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My character finds himself in a situation where he has access to both the mirror image spell and has the ability to become invisible.

Ignoring the means by which he becomes invisible (he's not doing anything that'd end his invisibility) what happens when these two effects stack?

Mirror Image

  • Three illusory duplicates of yourself appear in your space. Until the spell ends, the duplicates move with you and mimic your Actions, shifting position so it's impossible to track which image is real. You can use your action to dismiss the illusory duplicates.

  • Each time a creature Targets you with an Attack during the spell's Duration, roll a d20 to determine whether the Attack instead Targets one of your duplicates.

Invisible Condition

  • An invisible creature is impossible to see without the aid of magic or a Special sense. For the purpose of Hiding, the creature is heavily obscured. The creature’s location can be detected by any noise it makes or any tracks it leaves.
  • Attack rolls against the creature have disadvantage, and the creature’s Attack rolls have advantage.

So, are the mirror images also Invisible (Disadvantage to attack them) - which seems... odd. Although I guess you could argue the mirror images also mirror whatever sounds and other perceptual clues your actual form is making, even if they aren't obviously visible.

Or are the mirror images visible but you are not? No disadvantage if someone happens to attack a duplicate, but they will have a disadvantage if they attack you.

Or spell fails completely, because of reasons?

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  • \$\begingroup\$ Related (sorta the inverse):"How do the Faerie Fire and Mirror Image spells interact?" The most upvoted answer addresses this scenario explicitly, though not in full \$\endgroup\$ – Medix2 Feb 15 at 21:02
  • \$\begingroup\$ I've removed the cited comparison question because it is wholly irrelevant as that question refers to 3.5, not 5th edition. \$\endgroup\$ – Pyrotechnical Feb 16 at 4:45
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The images also become invisible; hence they become useless until the invisibility ends.

Mirror Image tracks how you appear. So, for the same reason, and in the same way that it stacks with blur, it also does stack with invisibility, meaning that the images also become invisible. And invisible mirror images can no longer distract an opponent, so they become completely useless. (Note that mirror images are only effective as a sort of visual illusion, as discussed in this rpg.se question.)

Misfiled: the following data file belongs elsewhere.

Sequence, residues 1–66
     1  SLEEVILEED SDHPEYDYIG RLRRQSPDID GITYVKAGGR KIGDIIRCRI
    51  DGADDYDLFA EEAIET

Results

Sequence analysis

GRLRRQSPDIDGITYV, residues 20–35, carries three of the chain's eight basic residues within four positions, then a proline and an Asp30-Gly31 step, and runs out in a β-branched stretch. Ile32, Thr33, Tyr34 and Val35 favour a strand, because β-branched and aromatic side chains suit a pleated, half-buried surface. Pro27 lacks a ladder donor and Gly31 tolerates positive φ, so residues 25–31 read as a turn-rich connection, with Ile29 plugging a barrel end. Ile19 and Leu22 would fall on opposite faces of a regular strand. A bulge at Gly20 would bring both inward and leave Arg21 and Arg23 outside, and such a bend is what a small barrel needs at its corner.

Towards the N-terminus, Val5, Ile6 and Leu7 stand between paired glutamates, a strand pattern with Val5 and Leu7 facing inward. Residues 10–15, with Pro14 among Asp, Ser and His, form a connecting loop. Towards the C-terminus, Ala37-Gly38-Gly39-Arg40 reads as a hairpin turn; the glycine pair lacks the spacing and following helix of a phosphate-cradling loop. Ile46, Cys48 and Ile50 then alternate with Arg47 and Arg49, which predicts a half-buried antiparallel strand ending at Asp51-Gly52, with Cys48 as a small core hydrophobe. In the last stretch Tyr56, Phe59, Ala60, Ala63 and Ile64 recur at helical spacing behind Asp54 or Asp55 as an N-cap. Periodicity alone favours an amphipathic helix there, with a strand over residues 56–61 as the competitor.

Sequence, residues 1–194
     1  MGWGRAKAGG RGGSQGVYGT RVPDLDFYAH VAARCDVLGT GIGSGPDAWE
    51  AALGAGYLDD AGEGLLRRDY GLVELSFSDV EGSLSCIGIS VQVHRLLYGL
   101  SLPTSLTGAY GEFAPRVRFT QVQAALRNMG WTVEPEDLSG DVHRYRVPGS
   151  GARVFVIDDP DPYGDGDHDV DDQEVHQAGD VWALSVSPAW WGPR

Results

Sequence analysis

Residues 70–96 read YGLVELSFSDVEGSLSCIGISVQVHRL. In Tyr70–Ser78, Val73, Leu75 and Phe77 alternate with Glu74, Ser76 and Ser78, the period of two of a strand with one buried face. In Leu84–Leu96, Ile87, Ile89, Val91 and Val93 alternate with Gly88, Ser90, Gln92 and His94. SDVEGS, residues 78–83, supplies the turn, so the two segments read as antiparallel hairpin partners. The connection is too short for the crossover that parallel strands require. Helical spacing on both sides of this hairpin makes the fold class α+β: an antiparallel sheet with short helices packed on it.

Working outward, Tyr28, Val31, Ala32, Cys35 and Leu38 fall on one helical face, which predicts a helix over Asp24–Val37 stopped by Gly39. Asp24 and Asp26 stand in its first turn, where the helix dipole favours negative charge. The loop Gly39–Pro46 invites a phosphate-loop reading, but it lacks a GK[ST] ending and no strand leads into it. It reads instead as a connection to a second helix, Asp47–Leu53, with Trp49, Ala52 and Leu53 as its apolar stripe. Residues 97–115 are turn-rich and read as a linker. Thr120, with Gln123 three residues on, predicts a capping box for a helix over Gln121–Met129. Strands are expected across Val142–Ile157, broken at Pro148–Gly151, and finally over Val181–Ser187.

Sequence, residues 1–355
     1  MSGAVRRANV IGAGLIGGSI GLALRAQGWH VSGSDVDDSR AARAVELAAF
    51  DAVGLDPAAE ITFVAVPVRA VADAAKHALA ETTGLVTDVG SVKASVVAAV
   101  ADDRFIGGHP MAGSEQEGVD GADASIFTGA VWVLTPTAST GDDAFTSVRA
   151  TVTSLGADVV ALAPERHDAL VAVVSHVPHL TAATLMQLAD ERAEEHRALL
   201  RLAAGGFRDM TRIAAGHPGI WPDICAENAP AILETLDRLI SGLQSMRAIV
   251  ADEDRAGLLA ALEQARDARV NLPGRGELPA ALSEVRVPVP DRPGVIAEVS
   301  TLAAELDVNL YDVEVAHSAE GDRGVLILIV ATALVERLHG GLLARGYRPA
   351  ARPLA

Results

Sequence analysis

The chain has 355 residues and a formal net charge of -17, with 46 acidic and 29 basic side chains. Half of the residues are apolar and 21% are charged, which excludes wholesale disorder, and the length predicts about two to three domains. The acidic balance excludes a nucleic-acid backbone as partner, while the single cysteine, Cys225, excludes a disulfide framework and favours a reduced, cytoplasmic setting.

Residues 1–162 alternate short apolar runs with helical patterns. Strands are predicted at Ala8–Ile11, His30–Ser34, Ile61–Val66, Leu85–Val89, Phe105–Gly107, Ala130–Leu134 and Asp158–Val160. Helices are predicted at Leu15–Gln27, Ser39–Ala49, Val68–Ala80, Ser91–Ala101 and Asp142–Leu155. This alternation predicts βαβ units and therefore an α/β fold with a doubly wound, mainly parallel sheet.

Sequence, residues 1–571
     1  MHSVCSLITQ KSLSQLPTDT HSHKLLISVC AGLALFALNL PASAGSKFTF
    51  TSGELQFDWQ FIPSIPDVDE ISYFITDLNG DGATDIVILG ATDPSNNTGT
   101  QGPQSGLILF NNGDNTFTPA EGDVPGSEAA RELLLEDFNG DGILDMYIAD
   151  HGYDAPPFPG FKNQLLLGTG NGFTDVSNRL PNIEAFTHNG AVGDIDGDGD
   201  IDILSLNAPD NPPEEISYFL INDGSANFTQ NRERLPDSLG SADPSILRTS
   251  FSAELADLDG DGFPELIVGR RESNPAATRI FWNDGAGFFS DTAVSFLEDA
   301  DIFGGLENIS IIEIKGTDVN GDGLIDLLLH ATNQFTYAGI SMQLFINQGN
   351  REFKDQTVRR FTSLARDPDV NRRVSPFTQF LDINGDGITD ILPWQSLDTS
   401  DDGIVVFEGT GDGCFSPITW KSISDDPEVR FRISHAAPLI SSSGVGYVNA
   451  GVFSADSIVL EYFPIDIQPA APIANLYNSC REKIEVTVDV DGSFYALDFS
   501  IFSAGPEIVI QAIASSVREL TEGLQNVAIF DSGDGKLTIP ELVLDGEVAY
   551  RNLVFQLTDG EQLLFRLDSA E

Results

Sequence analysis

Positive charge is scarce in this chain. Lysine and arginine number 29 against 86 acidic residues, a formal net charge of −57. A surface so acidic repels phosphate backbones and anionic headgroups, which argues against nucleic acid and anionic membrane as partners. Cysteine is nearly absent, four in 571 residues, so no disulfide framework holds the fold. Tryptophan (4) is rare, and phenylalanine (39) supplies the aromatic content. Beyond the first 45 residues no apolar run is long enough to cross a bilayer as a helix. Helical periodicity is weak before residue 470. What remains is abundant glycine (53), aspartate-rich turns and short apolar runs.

Unofficially, Jeremy Crawford answered this question on twitter (May 24, 2018):

Mirror image creates illusory duplicates of you that imitate your appearance. If your appearance goes away—you become invisible, for example—then the duplicates imitate that too. An attacker isn't affected by mirror image if it can't see the images.

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    \$\begingroup\$ So you'd say that turning invisible grants the attacker disadvantage but also removes the chance of the attack hitting a mirror image? \$\endgroup\$ – Medix2 Feb 16 at 7:58
  • \$\begingroup\$ This makes sense. Although even if the visual part of the mirror image vanishes, wouldn't the other part of the illusion (sound/smell/whatever) still be in effect? I guess the visual distraction going away far outweighs any remaining distraction from the other illusionary aspects of the spell? \$\endgroup\$ – Sum of e D pi Feb 16 at 8:25
  • \$\begingroup\$ @SumofeDpi: Yes. I tried to incorporate relevant information to the answer. \$\endgroup\$ – ZwiQ Feb 16 at 13:52
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    \$\begingroup\$ As support for this answer, you could quote the last sentence of mirror image, which states that a creature is unaffected by the spell if it "relies on senses other than sight", which is most definitely the case for anyone with normal vision attacking an invisible target. \$\endgroup\$ – Ryan C. Thompson Feb 16 at 14:38

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